One of the best ways to support conservation education on Martha’s Vineyard is about to happen just as you are reading this. The statewide Birdathon begins at 6 p.m. today and runs until the same hour tomorrow. A number of teams will fan out all over the state, but the one that matters to us is the Felix Neck team. Groups will search the Island to find as many species of birds as they can. Anyone can support their efforts by pledging a certain amount per species found. Last year a new record was set of 132 species, but if the weather is favorable we could do even better this year. Pledges can be any amount, from a nickel or dime per species to a dollar or so for those feeling generous. Any amount is welcome. And to make it easy, you can call Felix Neck at 508-627-4850 and leave your pledge, or even easier for many, go online to firstgiving.com/fundraiser/suzan-bellincampi/1/team and make your pledge there. This is a great way to support our own local Felix Neck Wildlife Sanctuary and its fine programs. Get involved. Give those field observers an incentive to work even harder. Call or go online today.
Weather on our Island out in the ocean surrounded by cold water can be frustrating for birders at this time of year. Spring migration is in full swing in the Connecticut River Valley, where the leaves are all out and temperatures have been warmer than here. Most resident birds have already begun nesting there. Here we have had little but cold northeast winds off the water for several days, so there is only a little evidence of migration. Most of our breeding residents have arrived, but not in their full numbers yet as far as I can tell. If the wind shifts to southwest and brings warmer temperatures, be on the lookout for a major fallout of birds arriving overnight.
Though the first ruby-throated hummingbirds were reported in the last week of April, some have returned only recently to places where they were last year. Robin Bray’s first arrived May 3 at Katama. And though some gray catbirds were found earlier, the first to reach Janet Sigler’s this year did not appear until May 3. Though barn and tree swallows have been present for a week or so, northern rough-winged and bank swallows seem to be late this year. My first bank swallow did not show up until May 3. A rough-wing arrived in Chilmark May 1, and Laurie Walker and Sally Anderson found some at the head of the Lagoon May 4, but those are all that have been reported so far. Laurie and Sally also found four black-crowned night herons and a rose-breasted grosbeak at the Lagoon and an oriole at East Chop on May 4.
There have been a few unusual birds to enliven a lackluster spring so far. Penny Uhlendorf and Scott Stephens had a glimpse of a red-headed woodpecker at the Phillips Preserve on May 4 and got a better view and a photo on May 9. At one time we had a small number of these handsome birds nesting here; it would be a fine thing if some returned. And Scott discovered a male hooded warbler at Waskosim’s Rock Preserve on May 6. Lanny McDowell got the fine photo of it that appears alongside this article the next day. It was still singing steadily on May 9. This is the second report of this species this year and it has occurred almost annually in spring in recent years. Because females do not sing we almost never see them, but they probably occur also from time to time; this is another handsome bird that could nest here in the future. Also for the second report for this year was a first year male summer tanager that visited Diane Emin’s suet feeder in West Tisbury on May 7 and 8. Diane did the right thing and took 18 photos of the bird which made it possible to be sure it was not a scarlet tanager. A tip to remember: Scarlet tanagers are almost entirely insectivorous but summer tanagers will regularly eat suet; summer tanagers also are very fond of bees so a tanager visiting a bee hive is almost certain to be a summer tanager.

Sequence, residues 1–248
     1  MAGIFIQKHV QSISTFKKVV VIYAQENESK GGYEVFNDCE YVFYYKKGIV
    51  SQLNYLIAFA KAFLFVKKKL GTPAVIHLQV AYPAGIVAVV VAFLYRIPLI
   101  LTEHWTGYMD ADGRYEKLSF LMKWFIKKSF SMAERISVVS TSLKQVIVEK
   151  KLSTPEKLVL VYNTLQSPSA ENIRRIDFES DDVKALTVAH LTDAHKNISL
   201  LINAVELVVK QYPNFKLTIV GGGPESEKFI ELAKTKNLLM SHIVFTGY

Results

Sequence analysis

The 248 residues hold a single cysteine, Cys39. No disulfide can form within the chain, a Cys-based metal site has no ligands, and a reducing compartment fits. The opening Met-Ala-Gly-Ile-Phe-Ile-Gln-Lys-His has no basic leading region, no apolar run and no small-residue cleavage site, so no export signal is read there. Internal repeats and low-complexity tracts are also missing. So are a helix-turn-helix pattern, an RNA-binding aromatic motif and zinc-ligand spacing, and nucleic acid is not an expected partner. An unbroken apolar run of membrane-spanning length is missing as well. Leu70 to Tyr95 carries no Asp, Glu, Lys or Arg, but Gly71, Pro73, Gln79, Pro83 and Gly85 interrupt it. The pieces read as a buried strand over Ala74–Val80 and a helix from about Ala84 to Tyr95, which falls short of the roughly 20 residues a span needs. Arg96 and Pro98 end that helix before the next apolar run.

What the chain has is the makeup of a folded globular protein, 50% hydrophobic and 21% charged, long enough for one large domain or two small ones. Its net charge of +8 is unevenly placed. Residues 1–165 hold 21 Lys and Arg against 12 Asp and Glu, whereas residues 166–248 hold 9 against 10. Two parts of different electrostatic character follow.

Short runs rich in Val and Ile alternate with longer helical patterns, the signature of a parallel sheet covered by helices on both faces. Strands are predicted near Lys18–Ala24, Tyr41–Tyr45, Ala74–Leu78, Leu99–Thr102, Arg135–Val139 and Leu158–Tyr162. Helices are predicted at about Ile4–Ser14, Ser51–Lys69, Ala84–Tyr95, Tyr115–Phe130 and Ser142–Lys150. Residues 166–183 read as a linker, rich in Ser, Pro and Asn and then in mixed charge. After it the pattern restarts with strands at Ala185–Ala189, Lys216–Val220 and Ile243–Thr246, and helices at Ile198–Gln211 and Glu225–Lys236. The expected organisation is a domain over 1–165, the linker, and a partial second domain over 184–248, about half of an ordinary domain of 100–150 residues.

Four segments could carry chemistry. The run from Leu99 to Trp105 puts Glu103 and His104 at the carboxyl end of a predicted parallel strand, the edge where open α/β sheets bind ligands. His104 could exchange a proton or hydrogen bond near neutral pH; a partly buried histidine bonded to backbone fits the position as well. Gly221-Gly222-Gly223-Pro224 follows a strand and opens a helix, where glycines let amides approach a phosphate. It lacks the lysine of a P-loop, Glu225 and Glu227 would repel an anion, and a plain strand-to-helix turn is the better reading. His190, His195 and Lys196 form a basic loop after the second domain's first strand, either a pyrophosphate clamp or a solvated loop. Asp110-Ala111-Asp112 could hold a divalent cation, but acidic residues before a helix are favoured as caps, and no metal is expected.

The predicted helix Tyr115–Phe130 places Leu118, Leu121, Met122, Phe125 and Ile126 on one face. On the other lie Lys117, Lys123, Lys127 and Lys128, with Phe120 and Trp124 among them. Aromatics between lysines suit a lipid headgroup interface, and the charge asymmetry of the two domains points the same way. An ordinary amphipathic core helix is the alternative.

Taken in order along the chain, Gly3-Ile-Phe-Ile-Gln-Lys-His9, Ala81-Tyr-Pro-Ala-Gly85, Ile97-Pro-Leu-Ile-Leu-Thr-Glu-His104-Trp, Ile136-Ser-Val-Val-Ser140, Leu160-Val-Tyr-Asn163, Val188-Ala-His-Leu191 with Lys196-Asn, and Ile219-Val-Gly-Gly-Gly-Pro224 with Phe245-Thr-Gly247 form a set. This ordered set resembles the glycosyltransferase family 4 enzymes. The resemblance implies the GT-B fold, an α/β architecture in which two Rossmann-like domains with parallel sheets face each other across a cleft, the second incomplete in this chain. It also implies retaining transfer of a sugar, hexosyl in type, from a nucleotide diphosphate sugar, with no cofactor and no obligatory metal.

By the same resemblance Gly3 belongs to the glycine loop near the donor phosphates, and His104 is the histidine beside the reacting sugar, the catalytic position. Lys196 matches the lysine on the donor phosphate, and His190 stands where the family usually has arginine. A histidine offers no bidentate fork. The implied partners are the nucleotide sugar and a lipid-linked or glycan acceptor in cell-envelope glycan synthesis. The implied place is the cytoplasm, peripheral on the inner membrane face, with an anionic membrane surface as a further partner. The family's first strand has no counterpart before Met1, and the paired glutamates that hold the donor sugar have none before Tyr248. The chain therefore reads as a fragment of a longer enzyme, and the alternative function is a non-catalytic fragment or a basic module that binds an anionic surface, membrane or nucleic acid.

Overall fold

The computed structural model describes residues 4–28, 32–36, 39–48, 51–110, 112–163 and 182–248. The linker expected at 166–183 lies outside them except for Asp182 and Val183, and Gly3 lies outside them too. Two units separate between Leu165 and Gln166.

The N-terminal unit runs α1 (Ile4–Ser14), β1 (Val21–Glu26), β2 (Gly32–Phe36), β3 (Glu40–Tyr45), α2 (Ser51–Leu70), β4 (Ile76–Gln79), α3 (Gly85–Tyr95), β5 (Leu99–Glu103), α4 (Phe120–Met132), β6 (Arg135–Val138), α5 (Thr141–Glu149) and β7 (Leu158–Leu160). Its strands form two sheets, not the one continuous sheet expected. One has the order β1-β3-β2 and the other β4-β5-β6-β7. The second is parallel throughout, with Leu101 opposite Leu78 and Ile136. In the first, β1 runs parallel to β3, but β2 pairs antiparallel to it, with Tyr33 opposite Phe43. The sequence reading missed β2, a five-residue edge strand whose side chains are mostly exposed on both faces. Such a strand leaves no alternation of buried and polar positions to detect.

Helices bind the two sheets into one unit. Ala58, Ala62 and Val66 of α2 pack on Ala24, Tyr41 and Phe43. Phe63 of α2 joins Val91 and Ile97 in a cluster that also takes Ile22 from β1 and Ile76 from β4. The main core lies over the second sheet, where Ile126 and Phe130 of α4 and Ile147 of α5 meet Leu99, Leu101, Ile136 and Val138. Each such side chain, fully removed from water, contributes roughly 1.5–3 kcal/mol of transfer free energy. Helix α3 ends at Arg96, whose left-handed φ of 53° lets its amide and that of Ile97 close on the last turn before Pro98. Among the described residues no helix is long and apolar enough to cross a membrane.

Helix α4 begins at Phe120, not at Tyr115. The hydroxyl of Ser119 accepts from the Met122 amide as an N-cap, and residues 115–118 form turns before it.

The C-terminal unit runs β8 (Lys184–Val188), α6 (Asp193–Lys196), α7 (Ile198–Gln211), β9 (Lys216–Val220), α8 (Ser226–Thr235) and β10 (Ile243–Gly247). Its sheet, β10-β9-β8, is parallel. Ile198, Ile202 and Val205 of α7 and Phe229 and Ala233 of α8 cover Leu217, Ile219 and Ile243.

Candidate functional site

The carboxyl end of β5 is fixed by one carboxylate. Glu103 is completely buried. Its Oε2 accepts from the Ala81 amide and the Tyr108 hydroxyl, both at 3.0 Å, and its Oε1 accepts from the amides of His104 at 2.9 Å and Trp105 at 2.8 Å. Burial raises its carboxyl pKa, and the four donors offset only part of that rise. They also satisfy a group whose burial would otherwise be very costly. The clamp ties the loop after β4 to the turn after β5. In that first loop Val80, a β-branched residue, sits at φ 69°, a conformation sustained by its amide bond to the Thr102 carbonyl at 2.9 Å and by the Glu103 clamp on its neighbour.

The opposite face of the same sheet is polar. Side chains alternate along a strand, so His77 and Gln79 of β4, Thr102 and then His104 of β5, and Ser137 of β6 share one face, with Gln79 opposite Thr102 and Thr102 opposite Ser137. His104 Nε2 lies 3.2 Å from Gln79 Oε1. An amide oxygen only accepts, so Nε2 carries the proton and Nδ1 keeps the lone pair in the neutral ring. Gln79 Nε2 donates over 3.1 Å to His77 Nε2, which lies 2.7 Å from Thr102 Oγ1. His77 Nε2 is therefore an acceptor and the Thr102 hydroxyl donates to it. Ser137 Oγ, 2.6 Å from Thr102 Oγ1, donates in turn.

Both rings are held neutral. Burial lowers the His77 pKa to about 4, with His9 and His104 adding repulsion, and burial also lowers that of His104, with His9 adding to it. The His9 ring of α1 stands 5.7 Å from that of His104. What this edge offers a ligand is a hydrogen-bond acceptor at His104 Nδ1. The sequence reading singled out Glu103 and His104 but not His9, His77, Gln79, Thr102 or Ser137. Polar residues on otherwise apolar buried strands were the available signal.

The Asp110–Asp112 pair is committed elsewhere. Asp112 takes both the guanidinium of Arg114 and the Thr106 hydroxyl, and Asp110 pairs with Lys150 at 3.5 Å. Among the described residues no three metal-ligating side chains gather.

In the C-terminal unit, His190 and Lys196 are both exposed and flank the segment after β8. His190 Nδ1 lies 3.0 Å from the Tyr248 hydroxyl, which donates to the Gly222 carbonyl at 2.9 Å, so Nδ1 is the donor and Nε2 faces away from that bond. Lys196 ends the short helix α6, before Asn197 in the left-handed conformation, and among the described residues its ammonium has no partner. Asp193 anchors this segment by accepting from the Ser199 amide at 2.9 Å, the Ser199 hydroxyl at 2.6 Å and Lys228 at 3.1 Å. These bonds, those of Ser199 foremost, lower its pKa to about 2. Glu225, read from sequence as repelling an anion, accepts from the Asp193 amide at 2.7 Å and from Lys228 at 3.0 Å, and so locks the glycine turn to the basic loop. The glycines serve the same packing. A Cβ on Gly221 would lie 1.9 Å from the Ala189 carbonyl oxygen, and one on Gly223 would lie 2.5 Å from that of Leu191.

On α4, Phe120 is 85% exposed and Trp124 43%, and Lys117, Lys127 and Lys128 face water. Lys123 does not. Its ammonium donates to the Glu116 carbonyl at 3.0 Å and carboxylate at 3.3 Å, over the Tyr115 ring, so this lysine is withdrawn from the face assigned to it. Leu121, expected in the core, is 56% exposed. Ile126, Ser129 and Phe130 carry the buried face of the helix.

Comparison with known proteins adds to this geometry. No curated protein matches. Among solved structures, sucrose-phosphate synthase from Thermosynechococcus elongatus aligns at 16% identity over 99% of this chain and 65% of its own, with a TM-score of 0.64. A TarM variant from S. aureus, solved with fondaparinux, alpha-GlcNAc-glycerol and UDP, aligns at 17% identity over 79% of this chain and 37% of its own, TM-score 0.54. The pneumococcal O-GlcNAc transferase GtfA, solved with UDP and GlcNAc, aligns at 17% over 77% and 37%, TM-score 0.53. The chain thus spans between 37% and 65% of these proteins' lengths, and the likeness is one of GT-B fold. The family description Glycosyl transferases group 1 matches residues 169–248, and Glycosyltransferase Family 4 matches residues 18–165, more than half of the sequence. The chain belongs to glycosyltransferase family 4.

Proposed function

Rob Culbert found a woodcock at Sheriff’s Meadow Sanctuary on May 7, and Andrea Hartman hosted her first visit from a purple finch on May 5. Until the house finches arrived, purple finches used to be common nesting birds here, but it is now confined to only a few spots in the state forest as a breeder. While there have been almost no reports so far of warbler species that nest farther north, one exception was a black-throated blue warbler seen on Chappaquiddick May 8 by Nancy Hugger. Rob Culbert also found the first least terns of the year on Lagoon Pond on May 7.
A call to the Bird Hotline (508-645-2913) from Rob Bierregard mentions that Luanne Johnson recently observed an osprey with a transmitter antenna. The battery in the transmitter is apparently dead since no signal is being emitted, and the identity of the bird is unknown. It could be one of the young birds fitted with a transmitter at Lobsterville in 2008, but that is not certain. Keep an eye out for this bird; it would be nice to be able to recapture it, identify it, and maybe replace the battery.
Lastly, don’t forget the Birdathon. Make that pledge today and watch for the results in next week’s Gazette.
Please report your bird sightings to the Martha’s Vineyard Bird Hotline at 508-645-2913 or e-mail to email@example.com.
Allan Keith is a naturalist living in Chilmark. He and Steve Spongberg are coauthors of Island Life: a Catalogue of the Biodiversity on and around Martha’s Vineyard, the most complete description of the Vineyard’s wildlife to date, available at most book outlets.